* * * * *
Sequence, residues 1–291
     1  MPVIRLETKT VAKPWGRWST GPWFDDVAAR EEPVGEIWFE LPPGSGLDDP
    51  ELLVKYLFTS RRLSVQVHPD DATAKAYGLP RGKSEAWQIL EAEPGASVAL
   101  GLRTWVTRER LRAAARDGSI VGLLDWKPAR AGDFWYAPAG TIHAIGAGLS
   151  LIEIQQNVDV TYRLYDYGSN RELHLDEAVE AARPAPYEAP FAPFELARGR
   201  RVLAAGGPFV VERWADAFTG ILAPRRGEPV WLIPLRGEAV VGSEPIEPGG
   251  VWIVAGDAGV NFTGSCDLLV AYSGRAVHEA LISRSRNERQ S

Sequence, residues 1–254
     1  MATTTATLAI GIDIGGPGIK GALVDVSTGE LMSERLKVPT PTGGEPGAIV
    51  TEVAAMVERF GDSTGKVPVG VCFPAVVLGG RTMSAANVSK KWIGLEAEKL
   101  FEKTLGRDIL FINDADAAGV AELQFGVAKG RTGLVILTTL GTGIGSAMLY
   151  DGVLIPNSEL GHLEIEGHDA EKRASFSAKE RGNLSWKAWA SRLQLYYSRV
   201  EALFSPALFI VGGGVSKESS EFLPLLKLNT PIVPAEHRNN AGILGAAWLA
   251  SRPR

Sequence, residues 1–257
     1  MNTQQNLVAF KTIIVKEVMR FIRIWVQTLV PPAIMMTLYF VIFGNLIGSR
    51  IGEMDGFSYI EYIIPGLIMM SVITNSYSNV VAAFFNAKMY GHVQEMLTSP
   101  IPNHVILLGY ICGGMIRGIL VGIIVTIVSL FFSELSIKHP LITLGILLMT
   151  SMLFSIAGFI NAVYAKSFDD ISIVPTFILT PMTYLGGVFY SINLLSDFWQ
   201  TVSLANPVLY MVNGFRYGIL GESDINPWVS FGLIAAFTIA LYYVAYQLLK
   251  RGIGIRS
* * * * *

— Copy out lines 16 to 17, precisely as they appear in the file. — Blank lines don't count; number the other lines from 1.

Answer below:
     1  MNTQQNLVAF KTIIVKEVMR FIRIWVQTLV PPAIMMTLYF VIFGNLIGSR
    51  IGEMDGFSYI EYIIPGLIMM SVITNSYSNV VAAFFNAKMY GHVQEMLTSP